Thursday, August 7, 2014

Diversity Plays An Essential Role in Reducing Corporate Risk-Taking


A well-established rationale for increasing diversity in the workplace, in general, and particularly in the corporate world, is that it makes good business sense.

Based on a new study, there may yet be another compelling reason for diversity companies to grow their diversity efforts and strengthen their commitment to it, as it is beneficial in decision-making. Diversity is found to play an essential role in reducing corporate risk-taking.

The Science Daily reports the finding of a study by researchers at Wake Forest University that corporations with more diverse boards of directors are more likely to pay dividends to stockholders and are less prone to take risks than firms whose boards are more homogenous.

The SD report quotes Ya-wen Yang, assistant professor of accounting at the Wake Forest University School of Business as saying,  
"We found strong evidence that board diversity significantly curbs excessive risk taking. We find that firms with more diverse boards are more risk averse, spending less on capital expenditure, R&D, and acquisitions, and exhibiting lower volatilities of stock returns than those with less diverse boards." 
Several factors help explain why this is so. 

According to a NYMag article, the researchers think, because diverse groups have a bit more social friction, and this friction can be good if you're trying to throw up roadblocks between a board and hasty, ill-conceived decisions. "Compared to diverse boards, homogeneous boards form consensus more easily and quickly, and thus are more likely to experience diffusion of responsibility, reach the 'let's try it' mentality, and exhibit risk taking behavior," they write. Diverse boards, on the other hand, "face greater challenges in communicating and accepting one shared decision."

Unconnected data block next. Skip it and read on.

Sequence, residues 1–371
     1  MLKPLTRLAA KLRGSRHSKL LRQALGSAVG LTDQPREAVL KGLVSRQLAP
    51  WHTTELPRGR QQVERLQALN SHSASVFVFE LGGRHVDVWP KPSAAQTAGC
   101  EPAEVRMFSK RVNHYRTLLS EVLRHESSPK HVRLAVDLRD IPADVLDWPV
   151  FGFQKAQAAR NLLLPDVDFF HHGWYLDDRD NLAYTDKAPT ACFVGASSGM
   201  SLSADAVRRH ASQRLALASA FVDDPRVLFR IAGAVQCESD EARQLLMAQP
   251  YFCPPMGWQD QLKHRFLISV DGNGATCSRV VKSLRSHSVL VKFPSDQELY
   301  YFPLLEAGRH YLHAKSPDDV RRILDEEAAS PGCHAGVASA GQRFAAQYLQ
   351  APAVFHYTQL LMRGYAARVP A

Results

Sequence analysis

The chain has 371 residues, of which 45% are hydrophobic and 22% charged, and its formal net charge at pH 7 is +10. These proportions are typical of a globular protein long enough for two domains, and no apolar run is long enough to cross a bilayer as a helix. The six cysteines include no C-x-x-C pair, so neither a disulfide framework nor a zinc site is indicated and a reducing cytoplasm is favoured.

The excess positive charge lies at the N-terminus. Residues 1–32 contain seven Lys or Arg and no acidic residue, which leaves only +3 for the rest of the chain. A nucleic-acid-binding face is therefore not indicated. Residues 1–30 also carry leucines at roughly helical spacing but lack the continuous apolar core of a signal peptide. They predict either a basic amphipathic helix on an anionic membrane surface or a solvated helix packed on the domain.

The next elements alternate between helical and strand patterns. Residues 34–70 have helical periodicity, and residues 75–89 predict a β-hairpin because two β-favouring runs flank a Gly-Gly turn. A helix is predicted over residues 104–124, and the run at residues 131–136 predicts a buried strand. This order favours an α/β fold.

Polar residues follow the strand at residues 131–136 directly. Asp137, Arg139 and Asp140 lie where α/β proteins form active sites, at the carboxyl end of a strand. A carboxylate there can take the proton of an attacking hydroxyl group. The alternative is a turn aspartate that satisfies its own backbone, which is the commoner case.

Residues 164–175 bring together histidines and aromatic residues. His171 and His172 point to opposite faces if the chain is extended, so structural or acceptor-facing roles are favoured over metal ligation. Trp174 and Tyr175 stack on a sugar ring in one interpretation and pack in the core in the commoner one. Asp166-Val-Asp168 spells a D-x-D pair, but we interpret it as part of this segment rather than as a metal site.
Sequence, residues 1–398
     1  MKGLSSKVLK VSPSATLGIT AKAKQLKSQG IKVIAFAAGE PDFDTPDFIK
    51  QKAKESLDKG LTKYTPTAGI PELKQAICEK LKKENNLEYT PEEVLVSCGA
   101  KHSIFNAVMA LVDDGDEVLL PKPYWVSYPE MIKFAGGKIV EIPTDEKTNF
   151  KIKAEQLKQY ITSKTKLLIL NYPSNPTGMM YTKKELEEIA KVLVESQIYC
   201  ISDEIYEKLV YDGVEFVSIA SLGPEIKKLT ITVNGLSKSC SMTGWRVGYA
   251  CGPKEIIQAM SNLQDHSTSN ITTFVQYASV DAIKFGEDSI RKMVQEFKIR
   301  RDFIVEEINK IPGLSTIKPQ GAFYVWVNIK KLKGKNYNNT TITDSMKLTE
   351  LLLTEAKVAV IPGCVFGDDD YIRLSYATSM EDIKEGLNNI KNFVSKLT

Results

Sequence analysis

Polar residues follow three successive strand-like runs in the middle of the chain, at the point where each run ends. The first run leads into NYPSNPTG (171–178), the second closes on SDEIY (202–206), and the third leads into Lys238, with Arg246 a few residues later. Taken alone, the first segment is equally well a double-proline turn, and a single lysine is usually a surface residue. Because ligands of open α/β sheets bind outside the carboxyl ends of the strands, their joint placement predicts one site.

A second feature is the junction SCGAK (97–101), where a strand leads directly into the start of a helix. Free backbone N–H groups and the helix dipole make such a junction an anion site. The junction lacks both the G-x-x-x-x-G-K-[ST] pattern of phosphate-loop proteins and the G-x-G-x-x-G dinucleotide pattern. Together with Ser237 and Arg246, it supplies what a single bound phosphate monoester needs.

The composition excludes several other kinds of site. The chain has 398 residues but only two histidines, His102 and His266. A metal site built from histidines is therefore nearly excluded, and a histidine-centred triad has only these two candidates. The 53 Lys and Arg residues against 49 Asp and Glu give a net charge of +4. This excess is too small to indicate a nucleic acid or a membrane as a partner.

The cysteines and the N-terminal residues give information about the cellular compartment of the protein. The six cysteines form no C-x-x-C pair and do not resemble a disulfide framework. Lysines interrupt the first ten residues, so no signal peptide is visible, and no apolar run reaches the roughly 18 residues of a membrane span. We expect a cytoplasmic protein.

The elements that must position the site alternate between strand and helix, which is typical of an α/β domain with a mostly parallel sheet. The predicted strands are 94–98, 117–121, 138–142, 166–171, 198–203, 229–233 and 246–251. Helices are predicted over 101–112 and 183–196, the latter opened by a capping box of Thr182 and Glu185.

A previous study conducted by MIT found that socially similar groups reach conclusions that are less accurate and consider fewer options than a diverse body of decision makers. In other words, the "social friction" produced by a range of views from people of different backgrounds causes us to become more objective, a report by Mainstreet says. This gives credence to views that diversity contributes to greater group creativity.

The latest study, according to Mainstreet, considered a range of dissimilarity well beyond gender, including race, age, experience, tenure and expertise. Risk was defined by examining a company's capital expenditures, research and development expenses, acquisition spending, the volatility of its stock returns, as well as the variability of accounting results.

Clearly, bringing more diversity to the corporate world reaps intangible benefits as well as financial profits, making it indeed a good business idea.




No comments: